The middle class is being thrown under the buss and the damn cops who are a part of the middle class do not even realize that they are fighting for the wrong amerika.

H

October 03, 2011 2:59pm

Check out who is funding whom:http://www.opensecrets.org/politicians/index.php?ql2

WTF are you including a picture from Los Angeles in this piecs ?

ahlayhos

October 03, 2011 1:04pm

It's interesting that one young person said, "...He always wanted to around in the 60's when this kind of stuff was going around." Almost 45 years ago I moved to NYC to attend grad school. I was 22 and had just received my draft notice. I didn't know much about the war in Viet Nam, but soon, through contact with other students and input from other sources, I realized one thing for sure - I had no intention of going half way across the world to kill another person for politics and military propaganda. Kent State killings by National Guard, 1968 riots in Chicago during the Democratic convention and Walter Conkrite's candor about Nam brought the white youth into the fray previously occupied by blacks in Newark and Watts. Soon we were all yelling, "Hell no, we won't go!"

This time it is just as important, but nothing like the 60's. This time is about an unjust corporate and financial sector and making them responsible for all the mayhem and pain they have caused to all ordinary citizens. "Too Big To Fail" was government backed corporate propaganda that violated not only our place as taxpayers, but cavalierly rejected the essence of capitalism that our society believed in. Capitalism only works when it ad hears to its rules. If you have a business and it makes mistakes and must go out of business, that's the price of the opportunity for success and profit that capitalism allows. So, not only should all the banks and other institutions that were failing be allowed to fail - go into bankruptcy, but those that were responsible for the avarice, greed and fraud should be held responsible and pay a price - not be bailed out and allowed to retain their multi-million dollars pay packages.

This time, if the truth is revealed and allowed to ignite the people, it will be true creative destruction of the Corporate - Media - Government alliance. We, the people need to take back our country. We need true campaign finance laws that won't let money'd people and corporations buy our public servants. We need to re install Glass-Steagall and return banks and the financial overlords back to where they can't destroy the world with their speculation that is amazingly free of risk - for them. For the rest of us, it is a living nightmare.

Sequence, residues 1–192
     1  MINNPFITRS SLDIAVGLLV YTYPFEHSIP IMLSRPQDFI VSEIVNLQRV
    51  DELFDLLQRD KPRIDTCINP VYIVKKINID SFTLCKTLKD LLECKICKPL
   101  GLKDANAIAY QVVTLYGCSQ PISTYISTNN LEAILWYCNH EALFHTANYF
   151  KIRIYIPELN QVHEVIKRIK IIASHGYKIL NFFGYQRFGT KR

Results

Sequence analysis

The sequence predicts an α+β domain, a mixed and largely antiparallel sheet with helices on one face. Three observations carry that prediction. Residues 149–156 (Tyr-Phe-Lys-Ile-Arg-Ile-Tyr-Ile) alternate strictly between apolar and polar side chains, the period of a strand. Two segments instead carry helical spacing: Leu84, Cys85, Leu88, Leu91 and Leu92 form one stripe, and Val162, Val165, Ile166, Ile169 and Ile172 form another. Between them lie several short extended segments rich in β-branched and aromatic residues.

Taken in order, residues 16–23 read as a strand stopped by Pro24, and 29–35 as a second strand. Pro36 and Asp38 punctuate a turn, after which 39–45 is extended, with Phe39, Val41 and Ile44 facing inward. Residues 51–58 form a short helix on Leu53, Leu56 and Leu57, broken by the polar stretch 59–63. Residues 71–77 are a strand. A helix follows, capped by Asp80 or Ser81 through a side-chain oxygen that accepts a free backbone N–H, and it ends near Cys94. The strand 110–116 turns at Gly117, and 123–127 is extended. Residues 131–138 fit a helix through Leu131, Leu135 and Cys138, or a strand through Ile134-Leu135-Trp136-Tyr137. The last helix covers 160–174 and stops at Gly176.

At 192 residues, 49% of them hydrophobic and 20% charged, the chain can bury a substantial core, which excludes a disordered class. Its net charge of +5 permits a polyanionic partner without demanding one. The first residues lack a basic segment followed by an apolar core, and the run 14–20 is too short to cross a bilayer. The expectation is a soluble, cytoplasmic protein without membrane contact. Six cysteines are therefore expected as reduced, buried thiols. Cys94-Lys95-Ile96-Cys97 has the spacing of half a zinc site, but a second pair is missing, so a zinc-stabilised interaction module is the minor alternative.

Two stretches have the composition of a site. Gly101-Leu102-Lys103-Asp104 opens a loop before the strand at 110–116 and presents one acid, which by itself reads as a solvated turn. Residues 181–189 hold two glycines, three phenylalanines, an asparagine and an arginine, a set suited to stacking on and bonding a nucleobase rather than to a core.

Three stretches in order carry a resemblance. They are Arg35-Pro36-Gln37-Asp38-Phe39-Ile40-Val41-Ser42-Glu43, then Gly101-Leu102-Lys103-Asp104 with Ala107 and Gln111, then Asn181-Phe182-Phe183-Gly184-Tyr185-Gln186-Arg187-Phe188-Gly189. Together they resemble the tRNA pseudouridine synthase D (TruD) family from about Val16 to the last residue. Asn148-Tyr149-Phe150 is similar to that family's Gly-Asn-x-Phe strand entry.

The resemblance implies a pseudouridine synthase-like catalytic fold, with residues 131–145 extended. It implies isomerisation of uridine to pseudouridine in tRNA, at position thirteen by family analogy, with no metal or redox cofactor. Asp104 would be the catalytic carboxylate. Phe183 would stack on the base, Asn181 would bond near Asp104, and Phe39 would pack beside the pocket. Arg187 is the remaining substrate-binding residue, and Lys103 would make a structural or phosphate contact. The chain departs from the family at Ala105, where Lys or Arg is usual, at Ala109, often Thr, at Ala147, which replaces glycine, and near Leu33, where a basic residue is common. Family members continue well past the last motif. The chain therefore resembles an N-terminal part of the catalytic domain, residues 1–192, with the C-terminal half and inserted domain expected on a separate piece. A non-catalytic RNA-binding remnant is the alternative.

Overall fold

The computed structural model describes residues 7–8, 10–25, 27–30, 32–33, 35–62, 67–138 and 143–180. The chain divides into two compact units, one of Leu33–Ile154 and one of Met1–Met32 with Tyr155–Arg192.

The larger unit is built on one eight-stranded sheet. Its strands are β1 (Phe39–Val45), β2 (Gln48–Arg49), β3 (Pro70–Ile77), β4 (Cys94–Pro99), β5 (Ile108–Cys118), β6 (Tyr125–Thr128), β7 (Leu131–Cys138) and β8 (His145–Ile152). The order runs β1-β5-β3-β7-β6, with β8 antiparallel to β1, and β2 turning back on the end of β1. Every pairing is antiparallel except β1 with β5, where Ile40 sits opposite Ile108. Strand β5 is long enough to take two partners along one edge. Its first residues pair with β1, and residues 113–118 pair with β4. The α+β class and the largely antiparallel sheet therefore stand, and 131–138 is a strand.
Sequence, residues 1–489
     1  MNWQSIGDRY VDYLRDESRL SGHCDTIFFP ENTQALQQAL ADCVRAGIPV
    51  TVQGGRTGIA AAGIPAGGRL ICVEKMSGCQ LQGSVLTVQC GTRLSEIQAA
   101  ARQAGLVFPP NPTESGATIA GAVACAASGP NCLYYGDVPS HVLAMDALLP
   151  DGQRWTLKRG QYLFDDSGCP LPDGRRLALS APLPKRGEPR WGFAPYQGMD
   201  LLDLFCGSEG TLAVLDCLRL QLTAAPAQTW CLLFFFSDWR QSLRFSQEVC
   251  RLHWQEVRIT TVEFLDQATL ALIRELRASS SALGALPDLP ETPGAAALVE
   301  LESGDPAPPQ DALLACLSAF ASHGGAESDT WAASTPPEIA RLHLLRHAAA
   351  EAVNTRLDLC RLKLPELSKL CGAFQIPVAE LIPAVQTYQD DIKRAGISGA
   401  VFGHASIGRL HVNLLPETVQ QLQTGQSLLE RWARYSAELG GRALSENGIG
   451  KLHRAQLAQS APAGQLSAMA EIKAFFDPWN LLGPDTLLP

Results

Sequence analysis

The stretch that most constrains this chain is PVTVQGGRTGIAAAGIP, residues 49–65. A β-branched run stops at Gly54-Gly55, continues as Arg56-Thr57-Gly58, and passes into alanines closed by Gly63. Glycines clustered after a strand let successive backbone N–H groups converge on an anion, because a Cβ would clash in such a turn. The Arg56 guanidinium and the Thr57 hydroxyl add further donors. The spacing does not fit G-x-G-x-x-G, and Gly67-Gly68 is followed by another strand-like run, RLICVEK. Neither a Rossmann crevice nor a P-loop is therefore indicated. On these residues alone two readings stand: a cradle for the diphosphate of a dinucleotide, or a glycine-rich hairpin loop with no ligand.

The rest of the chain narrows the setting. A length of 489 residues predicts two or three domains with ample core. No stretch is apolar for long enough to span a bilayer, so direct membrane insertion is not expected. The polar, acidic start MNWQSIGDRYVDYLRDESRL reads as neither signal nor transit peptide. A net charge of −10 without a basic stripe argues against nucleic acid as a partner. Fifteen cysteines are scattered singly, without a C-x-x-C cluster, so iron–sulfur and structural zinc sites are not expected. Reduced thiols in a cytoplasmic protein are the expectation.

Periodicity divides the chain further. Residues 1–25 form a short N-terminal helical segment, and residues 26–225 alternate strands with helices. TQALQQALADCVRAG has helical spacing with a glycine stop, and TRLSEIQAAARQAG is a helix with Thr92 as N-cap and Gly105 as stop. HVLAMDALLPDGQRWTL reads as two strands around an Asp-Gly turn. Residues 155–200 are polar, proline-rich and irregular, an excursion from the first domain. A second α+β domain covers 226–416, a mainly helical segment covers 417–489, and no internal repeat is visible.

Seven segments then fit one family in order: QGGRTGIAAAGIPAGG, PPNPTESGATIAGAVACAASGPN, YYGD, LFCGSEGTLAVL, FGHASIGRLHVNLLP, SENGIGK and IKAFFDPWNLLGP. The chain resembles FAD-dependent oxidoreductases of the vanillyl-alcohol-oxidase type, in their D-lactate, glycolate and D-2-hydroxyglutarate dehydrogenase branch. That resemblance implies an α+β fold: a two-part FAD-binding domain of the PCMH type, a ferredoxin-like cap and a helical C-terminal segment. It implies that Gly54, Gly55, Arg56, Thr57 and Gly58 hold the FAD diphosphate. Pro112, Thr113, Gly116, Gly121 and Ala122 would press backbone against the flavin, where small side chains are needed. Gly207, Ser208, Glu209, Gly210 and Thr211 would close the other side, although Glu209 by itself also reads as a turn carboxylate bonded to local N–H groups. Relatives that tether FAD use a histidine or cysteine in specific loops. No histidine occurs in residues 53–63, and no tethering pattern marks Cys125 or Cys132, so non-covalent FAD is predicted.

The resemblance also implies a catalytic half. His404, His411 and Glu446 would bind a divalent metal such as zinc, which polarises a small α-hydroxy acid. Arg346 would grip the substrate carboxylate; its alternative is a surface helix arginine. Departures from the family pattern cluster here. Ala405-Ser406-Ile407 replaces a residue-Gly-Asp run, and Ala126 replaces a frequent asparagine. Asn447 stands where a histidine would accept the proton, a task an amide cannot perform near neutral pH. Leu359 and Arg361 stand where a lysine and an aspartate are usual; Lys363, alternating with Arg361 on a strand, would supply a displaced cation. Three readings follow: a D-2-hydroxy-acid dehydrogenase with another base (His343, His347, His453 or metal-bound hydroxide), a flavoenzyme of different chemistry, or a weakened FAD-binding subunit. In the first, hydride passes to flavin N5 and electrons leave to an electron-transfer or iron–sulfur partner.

Today I will return to the streets and join that other young person, I'll write a sign and start demanding with all the people who, though they might not completely understand why, indeed know that something is very wrong in this country and the real truth(s) need to be revealed.

Angel J. Perea

October 03, 2011 8:44am

" It's no surprise that the Romney campaign is raising money from Wall Street by saying they want to repeal consumer protections and allow Wall Street to write its own rules," KEEPING IT HONEST: Wall Street, a key contributor to Obama in 2008, seems to be switching allegiances.
" Hum.. I wonder why? Maybe the gang on Wall Street does not wish to alienate “their” representatives? Mr. Boehner, Cantor, McCarthy and Ryan and Senator McConnell and his 43 obstructionists in the senate that are provided their campaign funds! After all, this same Wall Street Gang were the direct recipients of trillion dollar tax payer bailout with no conditions and used it some of it for bonuses! According to Senator Bernie Sanders, it is now clear that the Republicans /hypocrites made pledges that they are for their “only” plan of continuing its Class War against the middle Class to protect their rich Millionaires on Wall street and Billions like the Gover Norquest, Russ Limbaugh, Rupert Murdock and others like the Koch Brothers that provide them their campaign funds! Their plan was never about creating American jobs for the unemployed middle class! LET'S PUBLICLY LIST THE NAME OF EVERY POLITICIAN AND WALL STREET GIVER SO AMERICAN CAN KNOW WHO IS ON "TAKE" AND SELLING MIDDLE AMERICA OUT!